Riccardo Tisci worked Latin American references into his collection for Givenchy, while Alessandra Facchinetti went for a youthful update on the ladylike house classics at Valentino.
Givenchy: Riccardo Tisci's show invitation featured a great big dragonfly — a clue, perhaps? The symbolic interpretations are endless, but there's an old wives' tale that dragonflies indicate good news. Here, it was most apt. Fall proved to be a major step forward for the designer, commercially viable and — dare we say it — practically pretension-free. Tisci tossed aside the cerebral stuff and opted for an inspiration with far more feeling: Latin American elegance and sensualidad, inspired by his trips to the area over the past few years.
Tisci's Hispanic takes glanced back — way back — to old-world conquistador style. He tipped his sombrero to Cortés and company with the kickoff looks — models draped in miles and piles of gold-chain bounty. Then the olé references, set to catchy Brazilian favela beats, came fast and furious — toreador-style jackets with rounded shoulders, sexy off-the-shoulder gypsy blouses, ample ruffled and pleated frills for the most exuberant flamenco gals — all of it done up with lots of embellishments: traditional passementerie, black lace and Moorish-jewel decorations. Even those Catholic missionaries got a nod or two, with crucifix motifs and Sacred Heart emblems, the latter used sparingly on a simple LBD. (The designer noted postshow that he collects rosaries.) Fortunately, Tisci avoided the pitfall of allowing his theme to get out of hand (except for those glossy leggings and droopy gauchos) and delivered the kind of strong, focused collection everyone has been waiting for.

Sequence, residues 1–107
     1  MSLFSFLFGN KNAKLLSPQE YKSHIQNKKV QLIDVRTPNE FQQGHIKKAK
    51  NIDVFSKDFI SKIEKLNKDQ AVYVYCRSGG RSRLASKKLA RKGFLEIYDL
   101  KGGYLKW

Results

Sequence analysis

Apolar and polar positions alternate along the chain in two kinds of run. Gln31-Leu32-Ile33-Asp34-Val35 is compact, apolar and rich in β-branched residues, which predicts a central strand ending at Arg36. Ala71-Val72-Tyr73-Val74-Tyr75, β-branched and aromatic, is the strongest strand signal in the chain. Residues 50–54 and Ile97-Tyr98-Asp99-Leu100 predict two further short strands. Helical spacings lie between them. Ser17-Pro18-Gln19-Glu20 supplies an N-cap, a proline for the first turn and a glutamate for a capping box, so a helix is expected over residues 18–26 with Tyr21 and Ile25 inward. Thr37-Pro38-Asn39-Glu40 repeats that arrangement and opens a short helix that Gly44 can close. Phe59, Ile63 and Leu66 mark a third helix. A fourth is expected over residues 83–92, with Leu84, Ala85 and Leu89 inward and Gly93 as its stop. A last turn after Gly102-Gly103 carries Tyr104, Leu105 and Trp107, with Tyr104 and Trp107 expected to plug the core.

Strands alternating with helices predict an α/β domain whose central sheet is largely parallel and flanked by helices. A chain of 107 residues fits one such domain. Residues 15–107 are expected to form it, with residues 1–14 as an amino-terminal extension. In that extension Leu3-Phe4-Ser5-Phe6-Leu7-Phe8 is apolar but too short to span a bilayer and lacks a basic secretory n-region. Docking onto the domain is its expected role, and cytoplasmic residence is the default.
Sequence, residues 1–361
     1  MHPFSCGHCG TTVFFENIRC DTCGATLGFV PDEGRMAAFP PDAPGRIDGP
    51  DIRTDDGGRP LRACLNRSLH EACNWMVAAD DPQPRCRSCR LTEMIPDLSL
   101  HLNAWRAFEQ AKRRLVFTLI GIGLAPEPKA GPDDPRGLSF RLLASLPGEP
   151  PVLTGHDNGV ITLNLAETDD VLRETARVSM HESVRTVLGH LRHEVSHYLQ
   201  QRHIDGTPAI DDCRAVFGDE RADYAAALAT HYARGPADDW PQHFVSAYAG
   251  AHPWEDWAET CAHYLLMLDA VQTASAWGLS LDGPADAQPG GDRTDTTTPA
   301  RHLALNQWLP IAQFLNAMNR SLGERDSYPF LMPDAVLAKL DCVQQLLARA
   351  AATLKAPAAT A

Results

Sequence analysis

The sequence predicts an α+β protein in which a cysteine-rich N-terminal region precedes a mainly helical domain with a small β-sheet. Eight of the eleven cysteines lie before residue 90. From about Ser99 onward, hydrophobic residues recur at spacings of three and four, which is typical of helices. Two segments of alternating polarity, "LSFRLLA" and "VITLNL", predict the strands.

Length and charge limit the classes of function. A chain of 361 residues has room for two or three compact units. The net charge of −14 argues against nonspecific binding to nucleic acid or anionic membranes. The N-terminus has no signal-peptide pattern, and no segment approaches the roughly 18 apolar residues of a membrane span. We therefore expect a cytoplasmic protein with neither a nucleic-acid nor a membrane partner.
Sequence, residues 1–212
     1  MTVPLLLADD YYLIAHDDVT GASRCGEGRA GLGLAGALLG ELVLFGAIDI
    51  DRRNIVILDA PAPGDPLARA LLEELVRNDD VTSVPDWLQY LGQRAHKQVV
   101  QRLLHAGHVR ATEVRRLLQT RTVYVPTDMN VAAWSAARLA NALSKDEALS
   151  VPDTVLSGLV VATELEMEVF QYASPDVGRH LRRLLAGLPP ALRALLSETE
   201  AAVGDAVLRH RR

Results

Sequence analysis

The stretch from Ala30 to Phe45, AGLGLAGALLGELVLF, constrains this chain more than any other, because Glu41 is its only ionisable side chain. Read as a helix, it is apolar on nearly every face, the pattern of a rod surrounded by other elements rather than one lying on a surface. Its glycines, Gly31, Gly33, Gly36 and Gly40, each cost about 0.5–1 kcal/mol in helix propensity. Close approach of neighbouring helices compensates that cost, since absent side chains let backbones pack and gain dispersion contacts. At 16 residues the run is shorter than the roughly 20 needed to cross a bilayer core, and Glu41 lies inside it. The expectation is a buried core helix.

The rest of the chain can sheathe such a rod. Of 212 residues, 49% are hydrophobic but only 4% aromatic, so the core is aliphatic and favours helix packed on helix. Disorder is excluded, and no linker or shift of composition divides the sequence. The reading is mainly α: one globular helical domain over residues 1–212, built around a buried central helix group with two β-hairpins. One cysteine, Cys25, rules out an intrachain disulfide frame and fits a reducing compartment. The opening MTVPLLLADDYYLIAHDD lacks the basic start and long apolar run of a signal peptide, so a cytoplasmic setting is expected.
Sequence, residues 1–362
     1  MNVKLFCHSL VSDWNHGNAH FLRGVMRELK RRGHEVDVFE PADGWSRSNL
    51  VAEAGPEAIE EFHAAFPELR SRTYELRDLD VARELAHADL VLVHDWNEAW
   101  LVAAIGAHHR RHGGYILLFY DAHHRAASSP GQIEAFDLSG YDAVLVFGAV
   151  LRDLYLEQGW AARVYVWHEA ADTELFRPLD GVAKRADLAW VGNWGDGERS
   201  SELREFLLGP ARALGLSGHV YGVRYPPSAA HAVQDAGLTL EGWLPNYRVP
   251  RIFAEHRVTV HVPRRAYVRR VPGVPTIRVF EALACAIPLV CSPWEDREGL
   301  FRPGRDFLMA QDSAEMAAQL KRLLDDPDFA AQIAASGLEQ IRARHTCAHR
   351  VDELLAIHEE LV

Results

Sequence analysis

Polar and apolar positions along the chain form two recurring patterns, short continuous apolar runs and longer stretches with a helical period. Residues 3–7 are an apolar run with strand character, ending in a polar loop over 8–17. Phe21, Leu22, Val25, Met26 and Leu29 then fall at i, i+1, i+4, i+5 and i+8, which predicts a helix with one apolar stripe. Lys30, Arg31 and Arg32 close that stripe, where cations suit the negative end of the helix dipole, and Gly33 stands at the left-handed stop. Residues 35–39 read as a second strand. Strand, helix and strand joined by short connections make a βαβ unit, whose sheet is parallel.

Valentino: Successor debut collections have become as common in fashion as pre-this and pre-that. On Thursday, it was Alessandra Facchinetti's turn, again, to show her first major work for an iconic house. With Giancarlo Giammetti sitting in the celebrity section, along with Winona Ryder and Rebecca Romijn, Facchinetti presented a fall Valentino show that on many levels worked well. It introduced an aura of modernity that updated the house image without trampling on it; for example, the hair and makeup were taken down a notch or 12, the run of show was less formal than with Valentino himself at the helm (no need to show every imaginable suit) — and many of the clothes swung younger than before without looking ridiculous. There were lovely coats and dresses, and Facchinetti clearly made an effort to incorporate some signature Valentino moves: a crisp white Sixties-ish coat; a flash of red in a siren gown. This means that, come fall, current customers, and younger types, too, should they happen by, will be able to walk into a Valentino boutique and find something to wear.On the down side, the designer's a-little-of-this/a-little-of-that approach, heightened by the absence of a statement shoe, played more like a parade of random ladylike clothes than a powerful, cohesive collection. Despite a couple of recurring motifs — ribbon-swirl rosettes; pleat-front egg skirts that flatter no one — Facchinetti failed to offer a clear message for the season, let alone even a glimmer of her long-term vision. Which may mean she's yet to develop one, which is understandable. The first season for any designer new to an established house is typically transitional. But the clock is ticking.